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  • Glenda-Stroud-Peace

Africatown


As I was researching Alabama history in writing Wiregrass Chronicles – Long Rows to Hoe, I came across the fascinating story of the Clotilda (aka Clotilde), the last ship to transport slaves from Africa to America. This occurred in 1860, long after the slave trade had been abolished in 1808, and was organized and financed by an Alabama businessman, Timothy Meaher, who made a bet that he could circumvent the law without consequences. The Civil War was just beginning, and Meaher was forced to confront the fact that his venture was unsuccessful.


The Clotilda was deliberately sunk in Mobile Harbor, and its 110 captives were released into the steaming Alabama Delta. Miraculously, and through their courage, grit, and determination, these individuals not only survived but established Africatown in Mobile, a thriving community where their culture was preserved.


My reference to Africatown and its leader, Cudjo Lewis, appears in Chapter 9 of Wiregrass Chronicles -- Long Rows to Hoe, which I completed writing in 2017. Having a deep interest in Africatown, I was pleasantly surprised to learn that the ship was discovered at the bottom of Mobile Bay in 2018. “Clotilda: The Exhibition,” opened at the Heritage House in Africatown on July 8, 2023, coinciding with the anniversary of the arrival 163 years ago. The 5,000-square-foot building houses artifacts from the ship, interpretative text panels, documents, and a memorial wall with names of the 110 survivors.


Read more about this intriguing slice of American history at: https://www.nbcnews.com/news/nbcblk/shipwreck-awash-black-history-takes-center-stage-alabama-rcna92919






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  • Glenda-Stroud-Peace


Like all of America, Alabama has a rich native American history. Long before the first Europeans landed on our eastern shores, mound builders of the Woodland Period (500 BC-1100 AD) raised crops of corn, squash, and beans and hunted abundant game in the Wiregrass. Most of the land was unsettled, but native people traded along trails and rivers – the Conecuh, Pea, Choctawatchee, and Chattahoochee – that flowed through southeastern Alabama. After the arrival of the Europeans, the deerskin trade became a main source of sustenance for the Creeks in the late eighteenth century. But contact with white settlers did not bode well for the Creeks.


The 1814 Treaty of Fort Jackson resulted in the Creek Nation losing control of the Wiregrass. However, the heavily wooded region remained wild and unsafe for white immigrants until the forced removal of the Creeks in 1836.


Although native Americans suffered the loss of their priceless lands and were threatened with the loss of their identity, through their steadfastness, courage, and devotion to their ancient ways, they were able to salvage and maintain much of their culture. For example, skilled basket weavers continue to produce these intricately woven pieces of art, much as their ancestors did thousands of years ago, much as their ancestors did thousands of years ago.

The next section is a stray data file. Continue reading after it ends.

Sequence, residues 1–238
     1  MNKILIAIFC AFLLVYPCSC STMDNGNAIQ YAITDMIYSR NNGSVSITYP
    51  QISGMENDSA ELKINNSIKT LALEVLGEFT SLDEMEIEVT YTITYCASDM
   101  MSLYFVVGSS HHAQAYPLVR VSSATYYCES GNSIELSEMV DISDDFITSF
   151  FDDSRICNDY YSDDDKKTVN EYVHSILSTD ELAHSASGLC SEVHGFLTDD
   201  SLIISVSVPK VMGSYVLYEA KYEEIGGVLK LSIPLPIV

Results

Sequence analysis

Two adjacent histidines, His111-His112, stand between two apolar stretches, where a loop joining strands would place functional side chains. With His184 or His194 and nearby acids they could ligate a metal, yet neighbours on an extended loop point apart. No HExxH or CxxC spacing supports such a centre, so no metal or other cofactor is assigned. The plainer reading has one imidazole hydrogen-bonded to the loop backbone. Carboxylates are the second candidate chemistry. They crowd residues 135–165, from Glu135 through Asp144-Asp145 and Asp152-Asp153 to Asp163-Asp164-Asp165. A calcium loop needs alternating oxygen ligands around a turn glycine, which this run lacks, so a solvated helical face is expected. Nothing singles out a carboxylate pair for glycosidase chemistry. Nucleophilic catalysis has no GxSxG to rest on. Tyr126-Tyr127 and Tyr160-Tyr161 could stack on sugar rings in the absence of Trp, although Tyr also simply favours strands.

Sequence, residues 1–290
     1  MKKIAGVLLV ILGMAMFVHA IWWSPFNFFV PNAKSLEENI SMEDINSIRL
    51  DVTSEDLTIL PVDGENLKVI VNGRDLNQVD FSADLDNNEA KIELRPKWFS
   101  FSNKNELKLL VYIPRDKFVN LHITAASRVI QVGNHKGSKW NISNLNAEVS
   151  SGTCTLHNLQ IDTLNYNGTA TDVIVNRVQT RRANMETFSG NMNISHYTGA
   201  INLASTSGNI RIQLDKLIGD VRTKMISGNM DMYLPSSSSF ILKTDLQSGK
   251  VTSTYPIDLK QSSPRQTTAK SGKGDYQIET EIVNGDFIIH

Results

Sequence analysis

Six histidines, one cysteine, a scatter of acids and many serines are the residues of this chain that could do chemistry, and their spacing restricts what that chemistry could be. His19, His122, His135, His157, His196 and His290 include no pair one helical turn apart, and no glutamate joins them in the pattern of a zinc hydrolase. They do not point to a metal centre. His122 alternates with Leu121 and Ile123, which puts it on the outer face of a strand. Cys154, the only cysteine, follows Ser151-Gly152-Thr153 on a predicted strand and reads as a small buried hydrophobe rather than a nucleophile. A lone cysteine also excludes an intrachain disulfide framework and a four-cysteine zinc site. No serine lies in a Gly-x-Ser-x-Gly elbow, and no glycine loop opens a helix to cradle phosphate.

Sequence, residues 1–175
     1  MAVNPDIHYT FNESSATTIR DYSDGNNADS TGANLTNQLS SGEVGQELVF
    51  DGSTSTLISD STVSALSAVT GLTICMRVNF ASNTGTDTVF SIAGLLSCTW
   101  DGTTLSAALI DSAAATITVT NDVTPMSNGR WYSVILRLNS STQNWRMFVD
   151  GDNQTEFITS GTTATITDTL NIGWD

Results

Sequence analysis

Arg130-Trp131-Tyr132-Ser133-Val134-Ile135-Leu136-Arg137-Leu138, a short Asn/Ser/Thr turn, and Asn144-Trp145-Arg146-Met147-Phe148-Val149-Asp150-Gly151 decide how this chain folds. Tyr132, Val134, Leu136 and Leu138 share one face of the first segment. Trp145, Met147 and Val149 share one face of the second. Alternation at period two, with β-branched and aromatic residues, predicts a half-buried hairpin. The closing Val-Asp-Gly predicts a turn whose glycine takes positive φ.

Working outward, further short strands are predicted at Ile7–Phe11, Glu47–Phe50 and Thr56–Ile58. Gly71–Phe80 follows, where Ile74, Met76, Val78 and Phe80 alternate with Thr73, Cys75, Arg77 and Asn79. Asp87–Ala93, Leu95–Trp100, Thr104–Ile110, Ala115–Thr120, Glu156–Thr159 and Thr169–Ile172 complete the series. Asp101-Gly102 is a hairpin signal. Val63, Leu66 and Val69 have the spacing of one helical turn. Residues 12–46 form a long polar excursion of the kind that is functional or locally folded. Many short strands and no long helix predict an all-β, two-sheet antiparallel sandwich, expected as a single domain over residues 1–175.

The devastating effect of white settlement is touched on in several chapters of Wiregrass Chronicles – Long Rows to Hoe, and Wiregrass Chronicles – Bluebirds, Sharpshooters and the Lure of Faraway Places.


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  • Glenda-Stroud-Peace

Alabama’s native American history was recently highlighted with the news that new technology, hi-tech 30 photogrammetry, has enabled scientists to photograph and piece together ancient carvings known as mud glyphs on the ceiling of Cave #19 Unnamed Cave, so described to protect the site location.


This newly developed process has allowed largely obscured ceiling drawings to be rendered visible. Archeologist Jan Simek and photographers Stephen Alvarez and Alan Cressler spent arduous hours crawling through low-ceilinged areas of the cave and using special photographic equipment to capture 16,000 pictures that overlap to map the cave ceiling. Caves were considered sacred places, and the artwork is found in the deepest and darkest part of the cave. The images depict giant humanoid figures, as well as serpents, insects, birds, abstract shapes, and swirling lines. It is estimated that the drawings were created during the Midland Woodland Period (500 BC – 1100 AD).


You can view the story of how Cave 19 was explored and photographed by reading Alabama Cave Reveals Mysterious New Images Traced by Ancient Hands at www.al.com. While Cave 19 is located in northern Alabama, not in the Wiregrass, it is indicative of the centuries-long native American habitation of Alabama.


For enlightening and entertaining stories about Creek history in the Wiregrass, check out Wiregrass Chronicles – Long Rows to Hoe and Wiregrass Chronicles – Bluebirds, Sharpshooters, and the Lure of Faraway Places.



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